April Reviews: Margaret Ross

Zach Savich
April 18, 2013
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When reading the most recent releases from The Catenary Press, an Iowa City-based publisher of chapbooks, one might initially overlook Margaret Ross’s Decay Constant: Ross’s collection came out alongside volumes by Robyn Schiff and Jennifer Moxley that showcase the restless, virtuosic lyricism for which those poets have been celebrated. They also show the attention to ambitious poetics that has quickly distinguished Catenary.

Read those books by Moxley and Schiff, of course, but brace yourself for Ross’s: Decay Constant’s ten pages offer more vivifying accomplishment than many full-length collections. This chapbook is the first I’ve seen of Ross’s work, but it doesn’t “show promise” as much as swear a sweltering vow. In its three poems—which move from the domestic assemblage of “A Timeshare,” through the “steady ruby pulse” and “permanent zenith” of “Of Late,” into the titular poem’s “kaleidoscope in [the] mouth”—Ross displays an unabashed, sensual intelligence that propulsively alternates between the tapped-brake of “yes no” and the engine-rev of “yes though.”

The stanza in which those phrases appear continues, and Dickinson should come to mind:

Yes though

if there’s such a thing as time at all I never saw it

move and if that’s so then what am I

 

afraid of? I hung a muslin curtain to prove

breeze, a nimble petal, tall fluctuating seraphim

who keeps watch over me.

If you enjoy the taste-tester’s game of flavors, you might spot a top note of, say, Lucie Brock-Broido (vintage: The Master Letters) and strains of Robert Lowell in Ross’s hurtling, fervent arabesques, though these poems also suggest the influences I heard Iowa Writers’ Workshop students praise on my most recent trip to their city: Ben Lerner’s Mean Free Path, Timothy Donnelly’s The Cloud Corporation, the enduring and complicated legacy of Jorie Graham. In any case, Ross’s well-made poems invite such castings; the resultant pile-up of associations, like her poems’ at times circuitously compacted cleverness, can be overwhelming, but no more than I hope every evening will be. It’s refreshing to read a poet so unafraid of lived intensity and wit; in Ross’s work, you don’t see any of the trendy nonchalance of poetry that aspires to bar chatter and TV sketch comedy (I love bars, and I love television, but I most ardently love something else in poems, which, if the excellence of every art is its intensity, nonchalance leaves wanting.). Here’s the beginning of the title poem:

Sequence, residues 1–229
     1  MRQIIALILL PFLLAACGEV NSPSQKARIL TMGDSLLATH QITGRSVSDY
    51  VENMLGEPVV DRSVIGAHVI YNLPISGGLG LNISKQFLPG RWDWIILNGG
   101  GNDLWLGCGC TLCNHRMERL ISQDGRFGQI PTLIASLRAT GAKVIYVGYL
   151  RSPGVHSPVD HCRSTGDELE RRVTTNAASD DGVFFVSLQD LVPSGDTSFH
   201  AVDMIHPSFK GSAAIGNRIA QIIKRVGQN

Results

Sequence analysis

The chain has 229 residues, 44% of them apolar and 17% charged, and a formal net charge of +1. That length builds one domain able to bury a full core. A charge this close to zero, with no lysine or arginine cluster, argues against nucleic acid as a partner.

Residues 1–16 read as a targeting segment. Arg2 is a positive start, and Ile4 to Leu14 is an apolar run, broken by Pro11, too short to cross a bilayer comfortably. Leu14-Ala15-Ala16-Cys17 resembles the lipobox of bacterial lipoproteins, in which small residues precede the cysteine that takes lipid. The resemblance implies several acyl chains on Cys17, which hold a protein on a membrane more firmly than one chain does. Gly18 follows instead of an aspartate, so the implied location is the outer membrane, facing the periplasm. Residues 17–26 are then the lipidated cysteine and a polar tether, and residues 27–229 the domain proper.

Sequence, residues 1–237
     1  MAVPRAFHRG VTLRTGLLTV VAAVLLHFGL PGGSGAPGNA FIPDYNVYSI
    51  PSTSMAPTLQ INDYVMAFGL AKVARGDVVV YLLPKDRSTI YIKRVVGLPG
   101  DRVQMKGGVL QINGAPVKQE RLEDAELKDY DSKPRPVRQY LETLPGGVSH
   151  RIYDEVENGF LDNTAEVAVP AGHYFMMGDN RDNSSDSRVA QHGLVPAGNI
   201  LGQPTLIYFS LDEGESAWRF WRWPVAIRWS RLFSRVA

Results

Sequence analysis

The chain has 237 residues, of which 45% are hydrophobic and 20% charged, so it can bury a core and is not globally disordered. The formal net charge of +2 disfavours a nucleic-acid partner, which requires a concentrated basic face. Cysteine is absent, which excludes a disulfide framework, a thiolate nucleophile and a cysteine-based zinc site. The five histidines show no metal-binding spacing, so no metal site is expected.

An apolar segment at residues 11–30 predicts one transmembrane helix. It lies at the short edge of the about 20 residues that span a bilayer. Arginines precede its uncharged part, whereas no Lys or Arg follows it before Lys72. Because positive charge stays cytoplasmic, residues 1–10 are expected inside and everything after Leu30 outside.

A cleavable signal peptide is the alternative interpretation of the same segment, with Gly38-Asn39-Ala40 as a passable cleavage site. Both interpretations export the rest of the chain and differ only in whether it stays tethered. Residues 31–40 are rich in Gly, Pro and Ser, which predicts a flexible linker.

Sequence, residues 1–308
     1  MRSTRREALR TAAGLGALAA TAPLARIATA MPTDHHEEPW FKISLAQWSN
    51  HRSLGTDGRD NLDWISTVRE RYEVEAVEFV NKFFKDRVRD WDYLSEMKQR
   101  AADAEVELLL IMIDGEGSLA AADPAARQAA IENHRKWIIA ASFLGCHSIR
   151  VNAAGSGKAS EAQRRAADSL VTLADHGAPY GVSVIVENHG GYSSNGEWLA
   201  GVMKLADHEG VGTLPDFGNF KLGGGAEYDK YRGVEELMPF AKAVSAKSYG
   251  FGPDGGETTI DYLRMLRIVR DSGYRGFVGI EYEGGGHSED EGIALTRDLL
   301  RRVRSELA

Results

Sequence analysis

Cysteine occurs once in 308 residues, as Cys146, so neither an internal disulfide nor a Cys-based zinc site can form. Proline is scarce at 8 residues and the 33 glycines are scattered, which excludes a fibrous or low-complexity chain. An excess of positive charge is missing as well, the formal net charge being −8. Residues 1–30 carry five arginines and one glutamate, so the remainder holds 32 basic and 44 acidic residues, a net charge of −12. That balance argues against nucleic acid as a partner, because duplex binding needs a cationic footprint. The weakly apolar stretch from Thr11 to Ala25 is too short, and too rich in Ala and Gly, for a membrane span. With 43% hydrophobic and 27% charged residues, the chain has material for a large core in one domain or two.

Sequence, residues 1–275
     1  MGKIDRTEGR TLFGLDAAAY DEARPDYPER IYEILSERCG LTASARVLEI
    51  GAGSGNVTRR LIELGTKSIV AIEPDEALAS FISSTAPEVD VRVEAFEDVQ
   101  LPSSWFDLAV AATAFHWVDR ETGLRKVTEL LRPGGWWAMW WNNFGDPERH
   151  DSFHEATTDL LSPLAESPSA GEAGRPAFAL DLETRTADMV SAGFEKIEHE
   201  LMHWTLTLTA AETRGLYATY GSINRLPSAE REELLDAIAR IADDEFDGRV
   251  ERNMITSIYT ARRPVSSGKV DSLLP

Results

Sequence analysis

Did the time change. Did little

savings of a day glint on blades

wind tilted towards the illuminated

capital. Starting again, did change

 

course. A sentence rougher on the side

where fur used to grow brown meadow

fluttering across the hide was, flayed, a Book

of Hours listing prayers for the tolls

 

that turned the pages, Venetian blinds

drawn over so we can’t

say anymore where the room is from

inside. Glare melting its windows. Air liquid

 

iodine to anyone looking in.

But my allusions, my associations, my quotations, only composite, giving a menu in place of a meal: rhapsody feels fitting when recommending this work, which is rich work, of muchness and faith that “all the loyal / idiot details know what to do,” and I trust it. Decay Constant provides the type of feast that could make one content to dine out lavishly once every few months, and pay dearly for it, so that the next months might be inflected by something of that savor. Margaret Ross, I’m glad I spent this morning with your chapbook; thank you for its poems.

This post is the sixth in a series of brief blog-reviews I’ll write this month. Previous posts in the series discuss works by Jena Osman and Yevgeniy Fiks, Kevin Goodan, Cole Swensen and Hadara Bar-Nadav, Miguel Hernández and Mario Santiago Papasquiaro, and James Tate.

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